Part 2 of the Big Journey is entitled ‘In the Beginning’. It’s a PDF document illustrated in full colour throughout. Click on the PDF icon below to read or download it:
Outline of contents
“ ‘Worthy are you, our Lord and God, to receive glory and honour and power, for you created all things, and by your will they existed and were created.’ ” (Revelation 4.11 ESV)
From a dark lifeless ball shrouded in water, God creates our stunningly beautiful world lit by sun and moon, and stars that stretch for unimaginable distances into space. How does He do this, and why? In this session of the Big Journey we unpack the first two chapters of Genesis.
The creation account divides into three parts:
Genesis 1.1 The first verse of Genesis tells us that God created everything.
Genesis 1.2-2.3 We see God transforming a dark lifeless ball into this beautiful world. He does this step by step in six days, and rests on the seventh day.
Genesis 2.4-25 Our perspective changes – God ‘zooms us in’ to a specific region on Earth. He gives us an intimate and more detailed view of how He made Adam and Eve, and the garden paradise which He created to be His home, and theirs.
And God gave mankind responsibility. Adam and Eve were called to care for the Garden of Eden, to develop and utilise its diverse and bountiful resources, and through science, technology and the arts to build a rich and godly civilisation in it. They were to be culture-builders – and so are we.
God gave Adam and Eve another task, too. The two words in Genesis 2.15 “to work . . . and keep” (ESV) or “to work . . .and take care” (NIV) are significant. Gordon Wenham tells us that “the only other passages in the Pentateuch [the first five books of the Bible] where these verbs are used together are to be found in Numbers 3.7-8, 8.26, 18.5-6, of the Levites’ duties in guarding and ministering in the sanctuary [Tabernacle]”. The garden of Eden was God’s home – just as the Tabernacle was to be many centuries later. Adam and Eve were to look after and guard the garden (the word “keep” could also be translated “guard”, as it is in Numbers 3.8), keeping it holy and fit for God to live with them there.
Adam and Eve began life in Eden, but as their family grew ever larger, they were to push the garden’s boundaries out to the farthest corners of the Earth. Gregory Beale comments: “This meant the presence of God which was limited to Eden was to be extended throughout the whole earth.” That’s still God’s goal. One day (as Habakkuk prophesied) “. . . the earth will be filled with the knowledge of the glory of the Lord as the waters cover the sea.” (Habakkuk 2.14). Humanity’s task was to bring the whole earth under their control and make it a paradise.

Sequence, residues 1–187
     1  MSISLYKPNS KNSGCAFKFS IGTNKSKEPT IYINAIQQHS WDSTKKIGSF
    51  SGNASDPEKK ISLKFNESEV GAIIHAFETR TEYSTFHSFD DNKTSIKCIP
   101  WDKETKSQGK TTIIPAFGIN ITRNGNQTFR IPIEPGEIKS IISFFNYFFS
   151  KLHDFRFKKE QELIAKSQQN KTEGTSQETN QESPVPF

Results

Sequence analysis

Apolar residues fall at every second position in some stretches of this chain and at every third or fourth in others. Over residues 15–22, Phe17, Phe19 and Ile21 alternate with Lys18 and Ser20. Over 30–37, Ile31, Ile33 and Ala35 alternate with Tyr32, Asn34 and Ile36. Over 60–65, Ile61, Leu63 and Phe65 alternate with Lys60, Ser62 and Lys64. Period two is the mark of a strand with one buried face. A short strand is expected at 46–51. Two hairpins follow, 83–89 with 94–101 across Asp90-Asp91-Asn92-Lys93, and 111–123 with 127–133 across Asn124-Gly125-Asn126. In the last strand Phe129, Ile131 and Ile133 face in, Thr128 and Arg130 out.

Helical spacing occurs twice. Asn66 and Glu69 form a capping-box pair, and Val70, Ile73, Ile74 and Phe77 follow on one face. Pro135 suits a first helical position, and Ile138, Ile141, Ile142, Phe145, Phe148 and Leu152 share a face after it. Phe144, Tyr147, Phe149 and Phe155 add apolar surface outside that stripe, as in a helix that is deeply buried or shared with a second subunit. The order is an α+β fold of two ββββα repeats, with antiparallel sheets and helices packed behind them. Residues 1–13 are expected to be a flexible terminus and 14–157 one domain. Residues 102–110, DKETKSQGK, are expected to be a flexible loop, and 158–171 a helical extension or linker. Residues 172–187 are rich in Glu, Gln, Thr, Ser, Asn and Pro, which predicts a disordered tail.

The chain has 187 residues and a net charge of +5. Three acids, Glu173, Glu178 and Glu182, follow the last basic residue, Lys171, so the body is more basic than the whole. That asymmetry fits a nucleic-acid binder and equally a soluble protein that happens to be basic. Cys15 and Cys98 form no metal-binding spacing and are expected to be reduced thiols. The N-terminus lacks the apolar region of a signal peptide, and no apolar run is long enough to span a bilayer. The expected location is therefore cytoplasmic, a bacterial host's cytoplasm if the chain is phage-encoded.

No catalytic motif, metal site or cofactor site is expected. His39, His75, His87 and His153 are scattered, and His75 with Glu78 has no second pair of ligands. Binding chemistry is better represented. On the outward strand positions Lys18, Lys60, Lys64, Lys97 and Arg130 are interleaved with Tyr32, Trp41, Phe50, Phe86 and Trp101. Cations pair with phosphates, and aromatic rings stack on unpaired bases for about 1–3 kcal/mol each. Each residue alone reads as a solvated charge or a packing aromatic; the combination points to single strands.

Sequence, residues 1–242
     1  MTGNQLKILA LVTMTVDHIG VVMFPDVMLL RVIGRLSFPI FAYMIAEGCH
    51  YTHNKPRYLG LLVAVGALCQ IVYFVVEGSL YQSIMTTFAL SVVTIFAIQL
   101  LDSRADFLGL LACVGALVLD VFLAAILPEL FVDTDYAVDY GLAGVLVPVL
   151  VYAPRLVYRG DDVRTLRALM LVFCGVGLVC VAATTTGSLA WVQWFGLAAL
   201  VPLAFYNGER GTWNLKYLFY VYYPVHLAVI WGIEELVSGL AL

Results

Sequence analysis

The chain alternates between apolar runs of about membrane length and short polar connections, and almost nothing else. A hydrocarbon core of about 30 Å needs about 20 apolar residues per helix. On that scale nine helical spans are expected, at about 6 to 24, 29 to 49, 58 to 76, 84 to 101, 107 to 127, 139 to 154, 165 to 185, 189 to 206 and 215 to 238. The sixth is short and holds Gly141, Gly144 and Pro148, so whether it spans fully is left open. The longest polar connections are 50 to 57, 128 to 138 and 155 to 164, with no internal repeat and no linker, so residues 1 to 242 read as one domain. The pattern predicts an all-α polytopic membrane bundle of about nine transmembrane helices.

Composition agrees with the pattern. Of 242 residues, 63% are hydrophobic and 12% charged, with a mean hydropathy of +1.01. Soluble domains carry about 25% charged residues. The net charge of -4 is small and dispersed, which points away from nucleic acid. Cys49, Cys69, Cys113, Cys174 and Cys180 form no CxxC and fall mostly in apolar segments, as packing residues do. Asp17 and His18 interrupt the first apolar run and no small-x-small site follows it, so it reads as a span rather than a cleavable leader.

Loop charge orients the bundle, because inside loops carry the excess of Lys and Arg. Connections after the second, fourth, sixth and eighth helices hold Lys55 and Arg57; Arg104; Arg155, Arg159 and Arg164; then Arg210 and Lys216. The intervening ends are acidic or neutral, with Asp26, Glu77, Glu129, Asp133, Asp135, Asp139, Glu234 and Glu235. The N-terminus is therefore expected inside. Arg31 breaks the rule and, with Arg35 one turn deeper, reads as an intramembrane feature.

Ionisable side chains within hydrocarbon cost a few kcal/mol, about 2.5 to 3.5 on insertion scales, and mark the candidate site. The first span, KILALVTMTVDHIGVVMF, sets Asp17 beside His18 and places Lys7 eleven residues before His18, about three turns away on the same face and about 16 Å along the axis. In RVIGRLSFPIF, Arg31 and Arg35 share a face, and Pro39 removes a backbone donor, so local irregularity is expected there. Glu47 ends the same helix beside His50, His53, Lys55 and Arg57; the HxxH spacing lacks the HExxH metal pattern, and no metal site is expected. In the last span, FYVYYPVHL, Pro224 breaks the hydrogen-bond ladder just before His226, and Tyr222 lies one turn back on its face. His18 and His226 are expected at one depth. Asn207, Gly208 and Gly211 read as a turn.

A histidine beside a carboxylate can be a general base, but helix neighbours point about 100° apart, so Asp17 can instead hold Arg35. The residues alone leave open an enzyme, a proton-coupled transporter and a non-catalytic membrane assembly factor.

And we ask how we’re to reconcile the findings of science and the Biblical account of creation. In particular we briefly address the two biggest questions – the age of the Earth, and evolution. We also look briefly at the main interpretations of the six creation days. And we ask what God meant when He said that this Earth was “very good” (Genesis 1.31). Was the whole Earth was a perfect paradise, or was it a world much like the one we see today – a world with wild places and wildernesses as well as more hospitable landscapes?
Part 2 of the Big Journey is entitled ‘In the Beginning’. It’s a 12-page PDF document illustrated in full colour throughout. Click on the PDF icon at the top of this page to download it.
Scripture quotations, unless otherwise marked, are from The Holy Bible, English Standard Version® (ESV®), copyright © 2001 by Crossway, a publishing ministry of Good News Publishers. Used by permission. All rights reserved. ● Scripture quotations marked ‘NIV’ are taken from the The Holy Bible, New International Version (Anglicised edition). Copyright © 1979, 1984 by International Bible Society. Used by permission of Hodder & Stoughton Publishers, an Hachette UK company. All rights reserved. ‘NIV’ is a registered trademark of International Bible Society. UK trademark number 1448790.